Vulnerable public

Vulnerable public

There’s a lot of excitement (and plenty of skepticism) in the medical world about the emergence of tools to detect so-called vulnerable plaque. Sudden death is one of the more common first symptoms of heart disease, so clearly there is some value in early detection.

On the other hand there is some truth in the adage “what you don’t know can’t hurt you” and especially in medicine the corollaries “trying to know can hurt you” and “acting on what you think you know can hurt you.” What am I talking about? I’m talking about injuries caused by follow-up tests and treatments and the stress caused by false positives and awareness of conditions one can do little to ameliorate.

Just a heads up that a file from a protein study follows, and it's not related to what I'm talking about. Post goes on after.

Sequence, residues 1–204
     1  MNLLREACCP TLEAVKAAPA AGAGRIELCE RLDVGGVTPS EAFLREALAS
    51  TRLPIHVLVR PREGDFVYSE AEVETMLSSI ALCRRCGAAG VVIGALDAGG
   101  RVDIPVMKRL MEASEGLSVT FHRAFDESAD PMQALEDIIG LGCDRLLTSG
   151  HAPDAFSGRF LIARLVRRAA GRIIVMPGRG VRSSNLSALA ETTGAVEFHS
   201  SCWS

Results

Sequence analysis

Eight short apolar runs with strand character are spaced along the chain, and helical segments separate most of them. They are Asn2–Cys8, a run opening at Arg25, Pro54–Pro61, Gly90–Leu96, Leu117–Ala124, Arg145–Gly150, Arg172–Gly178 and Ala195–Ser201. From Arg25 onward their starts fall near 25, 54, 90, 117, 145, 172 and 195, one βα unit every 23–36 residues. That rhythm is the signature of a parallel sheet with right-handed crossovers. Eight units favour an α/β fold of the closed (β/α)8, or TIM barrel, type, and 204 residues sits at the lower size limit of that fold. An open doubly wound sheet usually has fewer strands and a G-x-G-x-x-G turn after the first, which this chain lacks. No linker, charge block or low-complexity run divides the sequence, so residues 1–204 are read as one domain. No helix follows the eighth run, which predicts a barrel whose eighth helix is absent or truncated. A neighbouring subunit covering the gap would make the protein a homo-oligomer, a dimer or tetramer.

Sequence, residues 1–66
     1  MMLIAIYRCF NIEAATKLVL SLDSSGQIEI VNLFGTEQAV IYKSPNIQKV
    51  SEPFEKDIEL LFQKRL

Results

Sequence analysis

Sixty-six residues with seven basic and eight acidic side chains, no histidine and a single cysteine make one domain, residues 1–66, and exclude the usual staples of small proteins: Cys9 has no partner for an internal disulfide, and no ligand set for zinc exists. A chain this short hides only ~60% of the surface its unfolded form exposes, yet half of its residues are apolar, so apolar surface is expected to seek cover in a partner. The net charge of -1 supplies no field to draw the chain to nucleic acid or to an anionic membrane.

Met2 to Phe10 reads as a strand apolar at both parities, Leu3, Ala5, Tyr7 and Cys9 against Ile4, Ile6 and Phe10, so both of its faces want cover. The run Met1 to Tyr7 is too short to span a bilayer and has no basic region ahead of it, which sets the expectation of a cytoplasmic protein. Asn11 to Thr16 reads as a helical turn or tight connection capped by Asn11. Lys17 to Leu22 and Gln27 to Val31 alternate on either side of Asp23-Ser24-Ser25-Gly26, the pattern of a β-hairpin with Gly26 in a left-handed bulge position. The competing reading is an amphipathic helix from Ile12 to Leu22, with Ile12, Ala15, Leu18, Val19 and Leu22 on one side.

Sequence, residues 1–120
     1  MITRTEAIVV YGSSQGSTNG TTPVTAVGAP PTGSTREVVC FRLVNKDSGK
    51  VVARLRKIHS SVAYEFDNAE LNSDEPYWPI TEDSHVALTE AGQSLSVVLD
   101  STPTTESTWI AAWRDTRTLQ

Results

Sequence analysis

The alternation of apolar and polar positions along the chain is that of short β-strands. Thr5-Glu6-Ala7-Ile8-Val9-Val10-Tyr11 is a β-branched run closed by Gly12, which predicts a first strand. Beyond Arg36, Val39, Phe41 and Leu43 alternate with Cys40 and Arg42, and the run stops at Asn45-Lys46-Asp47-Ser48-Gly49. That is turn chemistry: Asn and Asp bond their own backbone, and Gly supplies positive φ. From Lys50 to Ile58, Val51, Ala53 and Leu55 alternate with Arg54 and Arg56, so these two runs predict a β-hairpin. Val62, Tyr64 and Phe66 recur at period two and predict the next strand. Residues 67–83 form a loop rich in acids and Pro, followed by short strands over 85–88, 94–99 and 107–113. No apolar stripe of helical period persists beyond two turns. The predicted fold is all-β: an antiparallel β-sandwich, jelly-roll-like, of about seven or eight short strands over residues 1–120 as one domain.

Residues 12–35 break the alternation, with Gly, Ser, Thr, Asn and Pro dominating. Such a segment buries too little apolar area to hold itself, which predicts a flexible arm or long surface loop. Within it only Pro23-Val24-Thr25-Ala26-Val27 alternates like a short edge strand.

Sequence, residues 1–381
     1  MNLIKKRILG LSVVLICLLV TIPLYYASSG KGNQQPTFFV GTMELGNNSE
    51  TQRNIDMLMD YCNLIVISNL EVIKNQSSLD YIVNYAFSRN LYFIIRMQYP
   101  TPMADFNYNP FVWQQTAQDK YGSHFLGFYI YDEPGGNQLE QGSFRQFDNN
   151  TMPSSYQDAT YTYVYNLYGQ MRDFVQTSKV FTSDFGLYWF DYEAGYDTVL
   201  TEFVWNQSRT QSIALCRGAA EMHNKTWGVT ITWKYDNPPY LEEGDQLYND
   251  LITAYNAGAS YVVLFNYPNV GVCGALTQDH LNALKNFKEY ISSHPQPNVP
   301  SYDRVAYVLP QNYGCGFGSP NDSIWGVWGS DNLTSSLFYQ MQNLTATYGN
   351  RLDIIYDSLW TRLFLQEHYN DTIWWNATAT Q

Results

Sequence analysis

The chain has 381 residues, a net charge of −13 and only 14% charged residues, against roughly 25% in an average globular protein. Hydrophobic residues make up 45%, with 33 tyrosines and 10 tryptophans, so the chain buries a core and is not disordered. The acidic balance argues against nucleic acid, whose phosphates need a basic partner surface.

Investors are excited about the large revenue potential represented by new diagnostic techniques and their accompanying treatments, but the downside is that there will be more, expensive testing and treatments as a result. Someone will have to pay.

For all its disadvantages sudden death is cheap to treat.

0 thoughts on “Vulnerable public

  1. Flea

    I fight with the ‘what you think you know’ phenomenon all the time. Most docs embrace it, if unconsciously, because doing so feeds the franchise.

    best,

    Flea

    p.s., does “sudden death have an ICD-9 code, and if so, can I bill for it?

    Reply

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